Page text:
You may be just finishing up your Thanksgiving leftovers, but the New Year is just around the corner. Don’t miss these top picks for January!

West of Sunset by Stewart O’Nan

Plenty has been written about F. Scott Fitzgerald’s dizzying life of Jazz Age glamour and gutting fall from fame and fortune. Both his and Zelda’s life have been fictionalized before (I enjoyed last year’s Z: A Novel of Zelda Fitzgerald from Therese Anne Fowler), but the focus is usually on the Fitzgeralds’ heady days in Paris and Great Neck, with Ernest Hemingway, Gertrude Stein, and Sara and Gerald Murphy rounding out the cast of characters at their endless parties. In West of Sunset, O’Nan focuses on Fitzgerald’s last three years, after Zelda was institutionalized and Scott had been discarded by the reading public and rejected by publishers, and determined instead to earn a living writing screenplays. In his latest novel, O’Nan brings Hollywood’s Golden Age to life, along with flashbacks to key moments in Fitzgerald’s past. Despite the many vivid characters Fitzgerald brought us, his own story may be not only the most interesting, but the most iconic of Jazz Age America. I’m eager to get my hands on this version of his last years, in what Booklist calls “a moving testament to grace under pressure and an intimate look at legend.”

Audio published by Blackstone Audio. Available 1/13/2015.


The Terrible Two by Mac Barnett and Jory John

What’s not to love about a middle-grade novel that brings us rival pranksters joining forces to pull off the biggest prank ever seen in the history of Yawnee Valley? From bestselling authors Mac Barnett and Jory John, this first book in a new series is poised to fill the bookshelves of fans of Diary of a Wimpy Kid and Captain Underpants. With a first print run of 500,000 copies, expectations are high but early blurbs from Jon Sciezska, Jeff Kinney, Dav Pilkey, and Sara Pennypacker indicate they won’t go unfulfilled.

Audio published by Blackstone Audio. Available 1/13/2015.


The Revenant by Michael Punke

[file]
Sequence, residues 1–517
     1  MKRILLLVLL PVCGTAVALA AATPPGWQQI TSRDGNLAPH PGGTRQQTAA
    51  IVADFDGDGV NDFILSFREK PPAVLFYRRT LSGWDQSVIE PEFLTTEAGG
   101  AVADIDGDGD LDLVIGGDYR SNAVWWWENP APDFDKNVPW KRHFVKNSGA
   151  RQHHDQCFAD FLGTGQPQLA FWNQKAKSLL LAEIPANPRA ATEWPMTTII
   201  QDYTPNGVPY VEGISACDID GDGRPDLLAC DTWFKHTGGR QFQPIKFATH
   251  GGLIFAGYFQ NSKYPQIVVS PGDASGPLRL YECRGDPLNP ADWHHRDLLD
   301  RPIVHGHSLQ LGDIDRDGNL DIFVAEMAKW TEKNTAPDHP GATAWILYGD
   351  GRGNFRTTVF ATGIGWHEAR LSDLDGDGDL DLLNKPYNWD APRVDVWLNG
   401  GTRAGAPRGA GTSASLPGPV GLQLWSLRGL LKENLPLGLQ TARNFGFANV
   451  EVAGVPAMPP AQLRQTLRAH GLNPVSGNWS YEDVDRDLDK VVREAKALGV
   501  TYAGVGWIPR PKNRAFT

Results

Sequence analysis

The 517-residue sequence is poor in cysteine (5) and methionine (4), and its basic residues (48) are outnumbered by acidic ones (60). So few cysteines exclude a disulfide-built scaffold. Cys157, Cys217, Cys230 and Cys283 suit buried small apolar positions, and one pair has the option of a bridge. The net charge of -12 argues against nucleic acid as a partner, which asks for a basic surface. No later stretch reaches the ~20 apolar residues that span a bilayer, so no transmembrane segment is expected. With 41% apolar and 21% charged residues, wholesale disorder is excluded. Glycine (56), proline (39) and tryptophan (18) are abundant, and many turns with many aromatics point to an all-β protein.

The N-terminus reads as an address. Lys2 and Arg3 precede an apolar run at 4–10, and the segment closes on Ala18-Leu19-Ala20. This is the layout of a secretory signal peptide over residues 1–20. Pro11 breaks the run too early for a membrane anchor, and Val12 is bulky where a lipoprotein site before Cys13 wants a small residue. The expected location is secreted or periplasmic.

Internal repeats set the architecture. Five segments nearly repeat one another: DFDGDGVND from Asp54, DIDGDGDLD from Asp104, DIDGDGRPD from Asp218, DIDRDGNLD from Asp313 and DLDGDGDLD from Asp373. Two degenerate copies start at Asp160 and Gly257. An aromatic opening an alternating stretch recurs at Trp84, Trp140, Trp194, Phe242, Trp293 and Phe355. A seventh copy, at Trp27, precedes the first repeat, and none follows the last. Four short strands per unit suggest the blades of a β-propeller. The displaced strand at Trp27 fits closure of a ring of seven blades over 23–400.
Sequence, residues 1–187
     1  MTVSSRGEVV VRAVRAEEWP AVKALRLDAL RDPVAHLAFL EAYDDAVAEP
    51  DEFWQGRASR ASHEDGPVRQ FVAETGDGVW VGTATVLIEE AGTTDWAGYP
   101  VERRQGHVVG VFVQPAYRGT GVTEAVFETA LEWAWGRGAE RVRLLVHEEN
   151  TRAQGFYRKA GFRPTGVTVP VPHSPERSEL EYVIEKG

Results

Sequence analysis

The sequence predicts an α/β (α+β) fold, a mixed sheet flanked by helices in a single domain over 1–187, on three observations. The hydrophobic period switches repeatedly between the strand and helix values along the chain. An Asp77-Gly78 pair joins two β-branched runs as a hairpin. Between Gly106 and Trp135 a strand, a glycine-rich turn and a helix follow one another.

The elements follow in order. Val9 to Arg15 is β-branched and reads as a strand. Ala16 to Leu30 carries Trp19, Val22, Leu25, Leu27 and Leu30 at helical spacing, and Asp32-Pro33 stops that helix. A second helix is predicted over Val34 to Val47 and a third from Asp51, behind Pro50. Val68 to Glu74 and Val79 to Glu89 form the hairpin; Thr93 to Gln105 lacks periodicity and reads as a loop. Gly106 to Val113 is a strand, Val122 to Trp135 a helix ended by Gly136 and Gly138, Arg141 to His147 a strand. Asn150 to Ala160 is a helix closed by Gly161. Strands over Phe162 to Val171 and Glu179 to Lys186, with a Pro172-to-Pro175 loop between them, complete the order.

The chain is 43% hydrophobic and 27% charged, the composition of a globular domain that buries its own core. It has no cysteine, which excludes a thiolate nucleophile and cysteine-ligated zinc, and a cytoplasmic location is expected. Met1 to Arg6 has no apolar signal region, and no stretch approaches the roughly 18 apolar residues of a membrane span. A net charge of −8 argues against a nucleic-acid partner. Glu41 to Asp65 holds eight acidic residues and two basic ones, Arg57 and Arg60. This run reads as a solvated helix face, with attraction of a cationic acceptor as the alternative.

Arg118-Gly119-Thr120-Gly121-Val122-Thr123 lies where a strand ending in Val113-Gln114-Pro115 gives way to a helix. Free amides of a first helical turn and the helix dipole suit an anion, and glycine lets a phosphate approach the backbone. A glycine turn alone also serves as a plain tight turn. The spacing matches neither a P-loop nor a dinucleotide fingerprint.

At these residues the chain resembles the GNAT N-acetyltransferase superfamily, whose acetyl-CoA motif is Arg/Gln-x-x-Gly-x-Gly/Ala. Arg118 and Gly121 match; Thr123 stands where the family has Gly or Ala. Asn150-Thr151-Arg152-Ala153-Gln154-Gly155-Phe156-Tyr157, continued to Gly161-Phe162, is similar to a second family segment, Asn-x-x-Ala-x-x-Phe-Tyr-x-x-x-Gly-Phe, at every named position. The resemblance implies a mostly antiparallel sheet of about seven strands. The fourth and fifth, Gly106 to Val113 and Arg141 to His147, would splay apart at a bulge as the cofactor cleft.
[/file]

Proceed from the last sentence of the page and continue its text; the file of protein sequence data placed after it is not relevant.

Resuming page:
Every now and then in publisher pitch meetings, a publisher tells me about a book in such vivid detail it makes my stomach churn. The Revenant is one of those books. Based on a true story, it’s a novel depicting the brutal frontier life of the men in the Rocky Mountain Fur Company in 1823. After one scout is viciously mauled by a grizzly bear, two men are ordered to stay behind with him until he dies to give him a proper burial, but when then abandon him—taking his weapons and leaving him defenseless—the dying man is driven to revenge. He then crawls across more than three thousand miles of uncharted frontier, warding off predators, Indian tribes, starvation, and, oh yeah, the agony of those how-are-you-still-alive grizzly bear wounds in a time when people could barely keep their water clean, let alone their gaping wounds, all so he can extract his revenge on the cowards who left him to die. I guess what I’m saying is, don’t make this guy angry. You wouldn’t like him when he’s angry. Listen to the book in January and then watch the movie, starring Leonardo DiCaprio and sure to be cringe-worthy in the very best way, slated for release in 2016.

Audio published by Macmillan Audio. Available 1/6/2015.

Hunter Killer by T. Mark McCurley and Kevin Maurer

My husband is the military historian in the family and usually my eyes glaze over when he starts talking about this weapon or that type of tank, but I think Air Force Lt. Col. T. Mark McCurley’s account of drone warfare has appeal beyond the typical military history buff. McCurley, an experienced Air Force pilot and intelligence operator, wrote the manual on drone warfare (no, literally, he wrote the first tactical manual on how to fly the Predator). Here, he gives the rest of us an insider’s look into the controversial program. With both commercial and military drones ever more in the headlines—from what they mean for the future of warfare, to civilian privacy and safety concerns, to the humanistic repercussions of being able to take a life without necessarily having to risk one’s own—McCurley’s account will no doubt find a wide audience interested in the numerous implications for the expansion of the military’s use of drones. Expect controversy and the usual talk-show interviews to boost interest. The attachment of Kevin Maurer, who also co-wrote the hugely controversial No Easy Day, doesn’t hurt, either.

Audio published by Penguin Audiobooks. Available 1/13/2015.


Fairest by Marissa Meyer

Of course, I’m sure you know about Marissa Meyer’s hugely popular Lunar Chronicles series, of which Fairest is the newest installment. Part of the ongoing trend of re-framing classic fairy tales, the series gives us a whole new futuristic, sci-fi, dystopian take on characters like Little Red Riding Hood and Cinderella. Here, we get the back story on Levana, or as you probably know her, Snow White’s evil step-mother. Based solely on the cover (see image above), I suspect this is an even darker tale than the others in the series. (I routinely judge books by their covers, a practice that—as a former book designer for however brief a time—I find to be wholly acceptable. Covers should reflect a book’s contents, else what’s the point?) I’m looking forward to learning Levana’s story from before her time with Cinder, Scarlet, and Cress, and I’m hopeful it will give added depth to the events that unfold later.

Audio published by Macmillan Audio. Available 1/27/2015.